Owning her for app 5yrs, only thing I 've done is a couple of oil change(every 8000)

When she behaves well like that of course all my attention shifts toward the all sorts of modification which makes me a very happy guy :lol:

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Sorry, but I need to know: I've had my 2003 for 2 months, 37000 miles and is spotless. Runs great, looks great, Porsche serviced with no documented probs. I"m 2nd owner.

So I come here daily and read the terrifying stories of dropped valves, cracked blocks, astronomic service etc and I am wondering if I shouldn't just dump it and buy back my Miata.

Is it because people primarily post problems here? Or is it because this thing is going to break?

2003, 6 years, 139,000 miles...never had an issue with the engine or performance. Regular maintenance. Best car I've ever owned...

Bill B)

DING DING DING DING That is the correct answer I needed to hear!!! Thanks :P :P :P :P It is certainly the best car I've ever owned!

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  • 4 months later...

Don't be frightened by the folks who lost an engine and need to validate their loss by telling you that your car will suffer the same fate. Porsche is an expensive car to buy and to maintain. If you can't afford to maintain it or fix it if something does fail, don't buy it. Otherwise, there is no reason to lose any sleep worrying that something might go wrong.

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A $1000 engine repair is just as devistating for the average Vw owner as a $5000 repair for a newer porsche owner.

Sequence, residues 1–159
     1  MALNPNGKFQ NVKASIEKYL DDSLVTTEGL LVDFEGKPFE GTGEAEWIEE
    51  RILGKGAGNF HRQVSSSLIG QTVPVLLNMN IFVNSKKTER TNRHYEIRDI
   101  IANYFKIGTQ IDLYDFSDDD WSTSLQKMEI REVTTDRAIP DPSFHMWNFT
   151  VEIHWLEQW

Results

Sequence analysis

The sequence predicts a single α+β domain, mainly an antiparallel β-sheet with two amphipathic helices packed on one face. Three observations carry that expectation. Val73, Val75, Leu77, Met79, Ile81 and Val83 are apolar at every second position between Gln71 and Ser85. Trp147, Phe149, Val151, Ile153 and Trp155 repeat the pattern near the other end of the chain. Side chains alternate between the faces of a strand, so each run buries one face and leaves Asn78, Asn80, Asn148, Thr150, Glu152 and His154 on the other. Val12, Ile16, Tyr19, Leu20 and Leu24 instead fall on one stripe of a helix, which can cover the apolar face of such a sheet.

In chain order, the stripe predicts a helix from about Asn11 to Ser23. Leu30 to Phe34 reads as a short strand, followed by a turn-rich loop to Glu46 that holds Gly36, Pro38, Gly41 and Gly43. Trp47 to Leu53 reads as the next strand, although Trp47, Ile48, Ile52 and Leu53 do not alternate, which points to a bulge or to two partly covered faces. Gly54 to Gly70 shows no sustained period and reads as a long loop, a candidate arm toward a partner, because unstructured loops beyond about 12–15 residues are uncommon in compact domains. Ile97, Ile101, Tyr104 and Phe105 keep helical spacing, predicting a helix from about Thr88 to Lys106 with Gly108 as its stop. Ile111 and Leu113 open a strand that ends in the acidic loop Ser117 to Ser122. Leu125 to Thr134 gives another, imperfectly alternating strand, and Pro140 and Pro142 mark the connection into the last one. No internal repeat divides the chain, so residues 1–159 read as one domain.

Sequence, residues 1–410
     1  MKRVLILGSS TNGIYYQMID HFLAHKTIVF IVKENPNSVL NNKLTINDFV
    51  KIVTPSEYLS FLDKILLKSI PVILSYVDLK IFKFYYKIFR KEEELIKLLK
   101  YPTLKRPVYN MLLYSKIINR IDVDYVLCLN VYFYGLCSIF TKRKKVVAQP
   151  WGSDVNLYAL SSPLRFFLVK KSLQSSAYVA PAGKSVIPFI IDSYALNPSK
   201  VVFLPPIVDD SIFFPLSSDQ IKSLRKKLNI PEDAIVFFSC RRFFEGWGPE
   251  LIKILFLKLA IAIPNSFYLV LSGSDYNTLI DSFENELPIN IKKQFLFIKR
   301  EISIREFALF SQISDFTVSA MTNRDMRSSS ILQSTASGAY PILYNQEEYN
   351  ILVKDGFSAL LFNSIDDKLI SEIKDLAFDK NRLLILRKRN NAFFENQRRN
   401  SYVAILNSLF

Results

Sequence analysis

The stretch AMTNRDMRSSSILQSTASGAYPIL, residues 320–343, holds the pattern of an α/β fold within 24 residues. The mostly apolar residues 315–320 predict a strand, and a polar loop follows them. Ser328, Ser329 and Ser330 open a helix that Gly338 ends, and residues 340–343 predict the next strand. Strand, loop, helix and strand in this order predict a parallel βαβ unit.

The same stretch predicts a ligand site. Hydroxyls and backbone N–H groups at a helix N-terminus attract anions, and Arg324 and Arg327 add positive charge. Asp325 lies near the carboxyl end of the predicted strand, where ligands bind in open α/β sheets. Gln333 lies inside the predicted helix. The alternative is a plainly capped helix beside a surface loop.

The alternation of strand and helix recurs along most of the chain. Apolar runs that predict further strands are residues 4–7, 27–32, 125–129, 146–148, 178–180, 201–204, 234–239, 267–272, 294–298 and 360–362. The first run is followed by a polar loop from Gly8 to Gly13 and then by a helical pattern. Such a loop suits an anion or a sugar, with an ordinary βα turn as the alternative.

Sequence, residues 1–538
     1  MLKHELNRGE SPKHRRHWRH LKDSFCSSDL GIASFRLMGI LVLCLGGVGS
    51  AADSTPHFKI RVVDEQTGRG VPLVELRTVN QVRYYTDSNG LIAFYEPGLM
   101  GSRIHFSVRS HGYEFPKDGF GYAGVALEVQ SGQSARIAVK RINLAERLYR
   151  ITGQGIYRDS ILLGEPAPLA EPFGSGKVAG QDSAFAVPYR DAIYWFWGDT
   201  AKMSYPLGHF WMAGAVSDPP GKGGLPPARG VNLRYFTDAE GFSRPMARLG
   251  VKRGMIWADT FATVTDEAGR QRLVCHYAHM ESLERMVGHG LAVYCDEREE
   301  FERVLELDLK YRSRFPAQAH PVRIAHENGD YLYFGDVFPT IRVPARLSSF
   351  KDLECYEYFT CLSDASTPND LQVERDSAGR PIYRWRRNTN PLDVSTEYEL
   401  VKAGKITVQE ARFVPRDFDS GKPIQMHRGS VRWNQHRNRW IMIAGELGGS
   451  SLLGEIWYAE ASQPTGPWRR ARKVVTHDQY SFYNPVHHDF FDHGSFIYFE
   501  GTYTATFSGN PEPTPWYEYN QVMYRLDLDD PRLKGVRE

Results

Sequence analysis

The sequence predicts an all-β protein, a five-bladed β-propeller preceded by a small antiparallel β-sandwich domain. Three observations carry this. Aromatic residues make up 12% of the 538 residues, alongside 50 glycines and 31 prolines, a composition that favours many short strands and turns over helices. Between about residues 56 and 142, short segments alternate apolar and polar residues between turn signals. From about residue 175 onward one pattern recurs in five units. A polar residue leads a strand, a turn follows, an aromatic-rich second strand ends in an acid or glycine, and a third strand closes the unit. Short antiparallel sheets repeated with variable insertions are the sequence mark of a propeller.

We're talking 986s, though- they're not exclusive cars anymore, they're squarely in the price range of anyone with more than a fast food job. You can buy a 99 or 00 for less than it costs for a dealer engine replacement, and that's pretty damned devastating to most Boxster owners. It's equivalent to a $15k repair on a Toyota Yaris.

I'd hope anyone buying a Porsche does so with the understanding that parts are 3x more expensive than for a mainstream car and a trip to the dealer's repair bay is going to set you back $1000 before they even turn the car off, but the engine failures that do occur go way above and beyond the basic Porsche tax.

Amen to that, Brother Grover. See my thread about my IMS failure after two months- I'm facing a bill equivalent to the price I paid for my '01 S to get a Porsche rebuilt engine installed. It's a second car for me, so I have the option of waiting and saving for the repair, but I feel for anyone in my position who has all their eggs in the 986 basket! If the worst case does happen, there are options out there- Renntech is a great place to get info from experienced and sympathetic Porsche owners.

:)